The House and Senate recently passed bills to require all girls entering the sixth grade to receive the human papilloma virus or HPV vaccine.
Virginia Governor Tim Kaine supports expanding access to the treatment. But Kaine wants to fully review the written opt-out provisions before signing it into law.
This is a controversial topic and some parents say it's an issue that involves religious beliefs and others say its all about keeping a child safe.
HPV is a sexually transmitted disease that can potentially lead to cervical cancer and Gardisil is the first vaccine to prevent it.
"The stakes are very high with this, certainly advise your child in your appropriate parenting role against promiscuous sexually activity, what ever is in the realm of your beliefs, but at the same time you would protect them against anything you could," says Barbara Kirkland, a nurse at Shenandoah Women's Healthcare.
If the bill for the vaccine to be mandatory is signed into state law it will be required for girls about nine years of age to receive treatment.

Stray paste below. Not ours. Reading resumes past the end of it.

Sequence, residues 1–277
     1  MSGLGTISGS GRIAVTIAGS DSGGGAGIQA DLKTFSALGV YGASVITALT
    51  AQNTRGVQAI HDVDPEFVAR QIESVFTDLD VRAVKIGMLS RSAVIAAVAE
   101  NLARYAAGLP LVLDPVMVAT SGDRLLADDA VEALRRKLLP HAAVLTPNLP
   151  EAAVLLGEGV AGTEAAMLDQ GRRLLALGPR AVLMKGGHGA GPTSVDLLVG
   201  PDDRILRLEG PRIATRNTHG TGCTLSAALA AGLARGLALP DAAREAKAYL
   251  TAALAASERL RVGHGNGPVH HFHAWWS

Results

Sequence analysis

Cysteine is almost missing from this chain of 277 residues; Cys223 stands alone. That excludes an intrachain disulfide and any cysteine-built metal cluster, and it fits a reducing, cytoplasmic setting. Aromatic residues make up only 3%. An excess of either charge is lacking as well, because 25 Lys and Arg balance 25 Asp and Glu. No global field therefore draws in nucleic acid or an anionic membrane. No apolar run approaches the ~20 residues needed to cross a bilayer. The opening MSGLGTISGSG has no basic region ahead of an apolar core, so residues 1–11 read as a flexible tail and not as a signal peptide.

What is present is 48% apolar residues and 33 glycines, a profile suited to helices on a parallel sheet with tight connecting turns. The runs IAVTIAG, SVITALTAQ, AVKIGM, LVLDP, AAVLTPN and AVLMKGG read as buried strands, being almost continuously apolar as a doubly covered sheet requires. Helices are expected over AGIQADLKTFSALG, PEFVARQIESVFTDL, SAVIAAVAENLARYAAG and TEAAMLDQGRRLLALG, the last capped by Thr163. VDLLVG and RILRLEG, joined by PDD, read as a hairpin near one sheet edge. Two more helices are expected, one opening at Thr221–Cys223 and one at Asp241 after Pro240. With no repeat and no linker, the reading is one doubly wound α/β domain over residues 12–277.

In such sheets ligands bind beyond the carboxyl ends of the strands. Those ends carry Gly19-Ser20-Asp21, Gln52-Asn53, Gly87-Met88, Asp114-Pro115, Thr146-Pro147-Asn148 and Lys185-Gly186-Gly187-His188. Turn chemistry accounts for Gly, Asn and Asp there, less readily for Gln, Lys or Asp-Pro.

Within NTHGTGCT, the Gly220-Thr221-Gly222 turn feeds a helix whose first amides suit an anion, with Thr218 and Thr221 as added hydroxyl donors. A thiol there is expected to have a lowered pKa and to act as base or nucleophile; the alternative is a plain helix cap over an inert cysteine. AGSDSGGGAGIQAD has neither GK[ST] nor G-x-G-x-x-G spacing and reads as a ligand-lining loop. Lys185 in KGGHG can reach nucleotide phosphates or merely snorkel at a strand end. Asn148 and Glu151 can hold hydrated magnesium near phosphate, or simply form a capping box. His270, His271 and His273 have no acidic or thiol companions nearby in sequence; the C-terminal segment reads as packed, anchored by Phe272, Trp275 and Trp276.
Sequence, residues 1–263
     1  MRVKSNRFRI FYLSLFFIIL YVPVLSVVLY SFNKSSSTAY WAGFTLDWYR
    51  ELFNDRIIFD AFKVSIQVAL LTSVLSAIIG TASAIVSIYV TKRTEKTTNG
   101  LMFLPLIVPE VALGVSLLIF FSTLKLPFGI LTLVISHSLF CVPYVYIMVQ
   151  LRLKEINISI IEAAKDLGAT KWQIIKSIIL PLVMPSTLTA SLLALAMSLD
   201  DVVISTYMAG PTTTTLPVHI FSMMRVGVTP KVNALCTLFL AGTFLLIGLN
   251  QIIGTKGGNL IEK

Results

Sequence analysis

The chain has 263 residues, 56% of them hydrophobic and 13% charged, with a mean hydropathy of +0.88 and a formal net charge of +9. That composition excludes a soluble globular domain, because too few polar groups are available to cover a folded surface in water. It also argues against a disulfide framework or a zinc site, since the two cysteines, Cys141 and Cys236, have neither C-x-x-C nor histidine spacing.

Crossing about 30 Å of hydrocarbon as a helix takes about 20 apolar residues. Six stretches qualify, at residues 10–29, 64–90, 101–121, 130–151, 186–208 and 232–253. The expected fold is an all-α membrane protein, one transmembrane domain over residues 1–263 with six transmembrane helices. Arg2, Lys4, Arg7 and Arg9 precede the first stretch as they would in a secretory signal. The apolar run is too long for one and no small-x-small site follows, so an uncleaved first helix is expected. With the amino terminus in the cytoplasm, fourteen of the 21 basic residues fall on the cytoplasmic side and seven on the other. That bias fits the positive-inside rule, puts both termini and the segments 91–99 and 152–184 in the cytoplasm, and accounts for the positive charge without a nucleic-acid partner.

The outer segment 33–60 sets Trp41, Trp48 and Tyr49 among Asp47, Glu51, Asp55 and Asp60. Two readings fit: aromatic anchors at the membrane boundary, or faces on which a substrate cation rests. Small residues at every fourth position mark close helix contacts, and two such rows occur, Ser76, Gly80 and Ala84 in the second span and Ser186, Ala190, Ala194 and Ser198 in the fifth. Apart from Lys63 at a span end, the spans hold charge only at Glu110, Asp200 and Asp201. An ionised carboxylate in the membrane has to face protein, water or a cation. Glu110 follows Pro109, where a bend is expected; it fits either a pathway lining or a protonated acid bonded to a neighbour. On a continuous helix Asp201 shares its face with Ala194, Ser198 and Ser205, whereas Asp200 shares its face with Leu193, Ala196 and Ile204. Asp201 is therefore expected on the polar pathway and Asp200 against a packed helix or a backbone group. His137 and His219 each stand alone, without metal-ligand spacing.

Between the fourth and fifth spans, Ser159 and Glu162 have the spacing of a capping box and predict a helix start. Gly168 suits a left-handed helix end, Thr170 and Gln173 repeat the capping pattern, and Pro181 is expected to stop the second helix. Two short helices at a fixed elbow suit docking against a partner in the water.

The bill gives parents the option of reviewing information about the vaccine and exempting their daughters.
Governor Kaine has until late March to either amend the bill, sign it into law or veto it.
If governor Kaine refuses to make the vaccination mandatory it may be difficult for some people to get.
One concern about making the vaccine a requirement is that most state organizations and federal programs will not fund the treatment.
The cost of the vaccine is almost 360 dollars for each of the three vaccinations.
"Unfortunately if we don't make this vaccine mandatory it is unlikely that the state and federal government will help support and pay for the cost of the vaccine and those people that are socio-economically poor are going to have a hard time affording that and they are the one that really need it," say Len Aamodt, a physician at Shenandoah Women's Healthcare.
The cost of the vaccination is more than the amount of all childhood vaccines together.